Huang countered that “most of the women are not educated and don’t understand that this is somehow a violation of constitutional rights.” And both Huang and Dennis Cunningham, who also represents the class, said they only recently realized that sleep deprivation is contributing to the detrimental conditions at Santa Rita they’re challenging in other suits.

Sleep deprivation “is an egregious aspect of the tyrannies we are complaining about here,” Cunningham said.

A separate class action pending before Donato outlines some of those “tyrannies.” Brought by three women who were pregnant while incarcerated at Santa Rita and also represented by Huang and Cunningham, the January 2018 complaint claims Santa Rita’s “pattern and practice of aggressively misogynist, apparently programmatic, maltreatment of women prisoners” resulted in two miscarriages and in “a third woman giving birth, alone and unattended, in a solitary confinement cell.”

In that suit, lead plaintiff Jaclyn Mohrbacher claims she and two co-plaintiffs were held in isolation cells, kept outdoors without warm clothing and strip-searched for drugs, and denied medical care and medication, warm clothing, blankets, healthy and sufficient food, and fresh air despite their pregnancies.

They also claim jail officials “repeatedly demanded” they get abortions.

“We just had a miscarriage last week,” Cunningham said in court Thursday.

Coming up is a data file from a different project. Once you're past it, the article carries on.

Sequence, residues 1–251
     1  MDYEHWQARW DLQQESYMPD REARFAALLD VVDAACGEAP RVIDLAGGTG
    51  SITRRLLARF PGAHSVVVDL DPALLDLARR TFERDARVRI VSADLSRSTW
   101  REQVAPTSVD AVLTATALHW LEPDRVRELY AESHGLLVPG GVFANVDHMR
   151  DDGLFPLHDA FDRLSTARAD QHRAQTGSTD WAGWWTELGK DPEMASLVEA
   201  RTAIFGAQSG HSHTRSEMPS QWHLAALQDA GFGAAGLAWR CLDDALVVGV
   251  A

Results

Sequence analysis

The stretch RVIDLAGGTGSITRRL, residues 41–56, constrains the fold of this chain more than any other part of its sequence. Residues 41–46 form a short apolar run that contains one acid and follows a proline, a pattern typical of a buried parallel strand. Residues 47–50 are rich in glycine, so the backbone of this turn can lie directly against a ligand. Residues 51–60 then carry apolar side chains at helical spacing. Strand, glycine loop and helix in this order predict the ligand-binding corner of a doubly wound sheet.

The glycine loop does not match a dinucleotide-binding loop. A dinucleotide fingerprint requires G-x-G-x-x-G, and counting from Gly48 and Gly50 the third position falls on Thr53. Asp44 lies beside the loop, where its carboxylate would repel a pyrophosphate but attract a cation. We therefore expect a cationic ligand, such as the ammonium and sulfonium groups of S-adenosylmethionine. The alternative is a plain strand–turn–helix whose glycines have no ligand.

“She was given a pill, she didn’t know what it was, and she started bleeding an hour later,” he said. “Sleep deprivation is an aspect of it and it came to our attention just now in a welter of other stuff.”

Donato appeared to change course. He granted the Upshaw plaintiffs permission to fold their claims into the Mohrbacher suit, if they choose, so the claims can be reviewed together. In the meantime, he suggested ordering the county to revise its jail schedule so as not to awaken inmates early for medication and breakfast.

With respect to nighttime safety checks, Donato suggested a compromise: guards could keep banging on cell doors and using flashlights if they couldn’t sufficiently see inmates to determine whether they’re alive or uninjured, but inmates already visible to the guards should receive sleep masks and ear plugs to lessen the chance of being disturbed.

“The body has to sleep; I’m sold on that,” Donato said. “The issue is, I don’t see why people are poked and probed at three in the morning and again at four in the morning for breakfast.”

Outside court, Huang also questioned Santa Rita’s nighttime schedule.

“Why would you have to wake someone up at three to take their blood sugar for breakfast and why do you have to have breakfast at four? That doesn’t make sense to me,” Huang said. “It’s convenience. It has to do with their scheduling; it has to do with their shift changes. It has nothing to do with the impact on the women.”

Huang added, “That’s the reason why people in jail don’t make good choices, or why people in jail are irritable, or why people in jail fight or they lose their temper – because they’re sleep-deprived. And if you want people to get their GED, if you want them to learn to be better people, if you want to reduce the recidivism rate, it’s a no-brainer that the first thing they need to do is sleep.”